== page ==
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Markets WRAP: The rand closed at R15.16/$

2019-08-23 08:31

This after the local unit made a comeback earlier following Fed comments earlier in the day.

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Last Updated at 04:58
23 Aug 17:16

The rand closed at R15.16 to the greenback on Friday afternoon.

This after the local unit made a comeback earlier following Fed comments earlier in the day. TreasuryONE said in a note to clients that the Fed would most likely cut interest rates at the next FOMC meeting in September.



23 Aug 16:56

Treasuries gained and stocks fluctuated after Federal Reserve Chairman Jerome Powell pledged to act as needed to sustain the expansion.

Benchmark 10-year yields halted a two-day advance after Powell’s remarks bolstered speculation that the central bank will cut rates next month. Equities rebounded from earlier losses that were triggered by China’s decision to hit back at the US with tariffs on $75 billion of imports. Oil fell.

Investors sought haven assets as the news from Beijing rekindled concerns about the outlook for global growth that’s already looking shaky. The announcement comes as leaders from the Group of Seven nations prepare to meet in France and central bankers gather in Jackson Hole, Wyoming, to discuss issues such as the economic slowdown.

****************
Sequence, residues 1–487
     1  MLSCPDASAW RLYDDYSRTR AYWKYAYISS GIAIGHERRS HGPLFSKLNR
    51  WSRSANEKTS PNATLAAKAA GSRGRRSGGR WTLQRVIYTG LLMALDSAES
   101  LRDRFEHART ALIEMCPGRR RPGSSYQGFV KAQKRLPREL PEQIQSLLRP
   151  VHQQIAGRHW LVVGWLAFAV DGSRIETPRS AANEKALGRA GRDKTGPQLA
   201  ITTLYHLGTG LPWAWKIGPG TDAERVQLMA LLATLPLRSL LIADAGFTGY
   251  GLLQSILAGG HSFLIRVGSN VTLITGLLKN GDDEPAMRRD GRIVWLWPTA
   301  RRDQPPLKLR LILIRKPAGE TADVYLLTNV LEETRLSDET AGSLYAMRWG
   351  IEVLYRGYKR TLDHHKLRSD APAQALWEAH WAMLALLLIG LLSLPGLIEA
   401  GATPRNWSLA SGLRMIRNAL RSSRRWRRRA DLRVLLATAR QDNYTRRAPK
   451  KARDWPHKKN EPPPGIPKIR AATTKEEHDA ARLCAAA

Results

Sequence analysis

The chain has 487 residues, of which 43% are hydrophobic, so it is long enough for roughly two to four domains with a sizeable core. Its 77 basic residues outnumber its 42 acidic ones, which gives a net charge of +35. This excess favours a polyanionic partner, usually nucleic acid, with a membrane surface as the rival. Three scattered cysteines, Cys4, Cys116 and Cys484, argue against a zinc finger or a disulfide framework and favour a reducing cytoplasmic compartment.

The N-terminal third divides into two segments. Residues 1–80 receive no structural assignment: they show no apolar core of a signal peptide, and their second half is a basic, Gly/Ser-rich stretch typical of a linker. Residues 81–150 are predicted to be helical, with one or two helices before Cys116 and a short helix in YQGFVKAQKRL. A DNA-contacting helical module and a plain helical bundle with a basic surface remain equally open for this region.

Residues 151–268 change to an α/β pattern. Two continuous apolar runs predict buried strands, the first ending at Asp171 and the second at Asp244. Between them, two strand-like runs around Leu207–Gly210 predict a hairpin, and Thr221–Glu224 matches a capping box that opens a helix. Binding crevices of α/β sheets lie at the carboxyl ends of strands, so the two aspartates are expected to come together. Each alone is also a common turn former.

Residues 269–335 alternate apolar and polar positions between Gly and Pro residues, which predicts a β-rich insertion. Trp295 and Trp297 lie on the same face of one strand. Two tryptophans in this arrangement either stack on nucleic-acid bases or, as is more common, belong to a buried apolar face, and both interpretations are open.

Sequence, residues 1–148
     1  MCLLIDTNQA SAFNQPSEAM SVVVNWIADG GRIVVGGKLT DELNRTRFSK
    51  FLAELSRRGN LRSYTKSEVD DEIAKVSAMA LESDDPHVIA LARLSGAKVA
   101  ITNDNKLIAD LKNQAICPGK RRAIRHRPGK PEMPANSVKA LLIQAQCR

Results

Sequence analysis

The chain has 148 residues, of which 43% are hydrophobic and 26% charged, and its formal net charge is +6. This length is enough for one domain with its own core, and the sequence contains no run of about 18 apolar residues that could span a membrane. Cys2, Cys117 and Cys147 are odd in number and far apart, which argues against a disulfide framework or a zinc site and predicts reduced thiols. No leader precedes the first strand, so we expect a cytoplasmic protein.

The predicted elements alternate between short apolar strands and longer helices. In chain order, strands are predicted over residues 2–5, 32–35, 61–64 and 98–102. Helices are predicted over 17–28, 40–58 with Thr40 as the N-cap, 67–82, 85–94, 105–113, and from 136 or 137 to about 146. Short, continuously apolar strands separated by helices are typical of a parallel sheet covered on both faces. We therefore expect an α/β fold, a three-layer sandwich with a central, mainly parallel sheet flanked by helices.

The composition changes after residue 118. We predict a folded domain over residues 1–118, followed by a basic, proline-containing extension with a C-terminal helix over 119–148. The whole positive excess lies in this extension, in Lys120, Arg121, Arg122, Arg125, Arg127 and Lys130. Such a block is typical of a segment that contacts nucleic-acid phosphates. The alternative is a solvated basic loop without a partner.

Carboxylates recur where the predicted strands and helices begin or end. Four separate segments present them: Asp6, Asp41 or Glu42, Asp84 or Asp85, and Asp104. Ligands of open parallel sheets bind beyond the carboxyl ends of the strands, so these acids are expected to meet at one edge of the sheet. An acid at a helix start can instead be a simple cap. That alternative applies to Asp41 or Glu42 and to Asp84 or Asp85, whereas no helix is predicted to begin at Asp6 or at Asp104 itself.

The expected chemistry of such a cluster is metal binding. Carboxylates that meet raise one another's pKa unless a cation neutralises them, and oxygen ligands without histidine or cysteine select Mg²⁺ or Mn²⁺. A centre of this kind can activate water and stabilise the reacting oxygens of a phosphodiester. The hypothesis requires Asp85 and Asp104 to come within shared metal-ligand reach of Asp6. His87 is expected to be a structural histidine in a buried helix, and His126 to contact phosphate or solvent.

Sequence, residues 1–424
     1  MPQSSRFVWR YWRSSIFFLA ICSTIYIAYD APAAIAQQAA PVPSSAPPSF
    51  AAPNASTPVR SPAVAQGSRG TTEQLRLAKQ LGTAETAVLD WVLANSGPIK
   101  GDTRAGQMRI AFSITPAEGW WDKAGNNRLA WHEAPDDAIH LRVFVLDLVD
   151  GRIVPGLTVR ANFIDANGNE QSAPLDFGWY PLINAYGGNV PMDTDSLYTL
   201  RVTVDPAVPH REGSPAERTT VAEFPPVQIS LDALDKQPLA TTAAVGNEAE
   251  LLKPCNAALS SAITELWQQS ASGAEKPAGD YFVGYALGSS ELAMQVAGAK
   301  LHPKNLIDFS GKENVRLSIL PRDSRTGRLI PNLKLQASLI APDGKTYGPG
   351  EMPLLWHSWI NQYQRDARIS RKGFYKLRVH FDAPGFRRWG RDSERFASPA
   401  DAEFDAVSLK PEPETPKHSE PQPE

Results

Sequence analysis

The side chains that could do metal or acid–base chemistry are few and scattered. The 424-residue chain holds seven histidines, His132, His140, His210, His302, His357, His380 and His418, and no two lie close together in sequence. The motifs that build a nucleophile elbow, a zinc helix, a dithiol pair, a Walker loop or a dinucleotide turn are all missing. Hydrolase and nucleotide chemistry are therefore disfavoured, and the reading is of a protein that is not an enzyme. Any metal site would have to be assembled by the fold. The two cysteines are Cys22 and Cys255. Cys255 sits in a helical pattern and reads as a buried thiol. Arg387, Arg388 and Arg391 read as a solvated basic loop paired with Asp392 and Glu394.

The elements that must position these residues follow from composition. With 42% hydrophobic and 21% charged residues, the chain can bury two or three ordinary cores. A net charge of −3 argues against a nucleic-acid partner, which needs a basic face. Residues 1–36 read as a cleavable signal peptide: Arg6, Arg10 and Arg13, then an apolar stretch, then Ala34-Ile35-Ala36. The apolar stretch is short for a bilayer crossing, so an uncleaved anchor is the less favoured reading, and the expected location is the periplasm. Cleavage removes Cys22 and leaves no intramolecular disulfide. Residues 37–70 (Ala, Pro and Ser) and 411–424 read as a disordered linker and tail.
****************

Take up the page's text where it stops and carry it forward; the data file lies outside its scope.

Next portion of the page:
Here are the main moves in markets:

Stocks

The S&P 500 rose 0.1% to 2,927 as of 10:40 New York time.The Stoxx Europe 600 Index increased 0.4%. The MSCI Asia Pacific Index climbed 0.3%.

Currencies

The Bloomberg Dollar Spot Index was little changed at 1,210.63. The euro was little changed at $1.1076. The Japanese yen was little changed at 106.43 per dollar.

Bonds

The yield on two-year Treasuries fell five basis points to 1.57%. The yield on 10-year Treasuries decreased three basis points to 1.58%. Germany’s 10-year yield fell two basis points to -0.66%.

Commodities

The Bloomberg Commodity Index decreased 0.1%.West Texas Intermediate crude fell 1.2% to $54.71 a barrel. Gold increased 0.9% to $1,521.50 an ounce. - Bloomberg


23 Aug 13:22

China to soon unveil tariffs on US, says Global Times’ Hu

Bloomberg

China will soon unveil tariffs to retaliate against the US, according to a tweet from Global Times editor-in-chief Hu Xijin.

China promised earlier this week that any new tariffs from the US would lead to escalation and retaliation.

The US has said it will increase tariffs on some Chinese goods from September 1, although President Donald Trump has already delayed some of that increase amid economic turbulence, and face-to-face talks due to resume next month offer a chance for further reprieve.

Hu is editor-in-chief of the Global Times, a tabloid published by the Communist Party’s People’s Daily. He regularly tweets on China’s international affairs, often citing authoritative sources without identifying them.

While the Global Times doesn’t necessarily reflect the view of Chinese leaders, Hu has said the paper voices opinions that official sources can’t. Hu told Bloomberg earlier this year that tweets that are “based on what I know” are “definitely true.”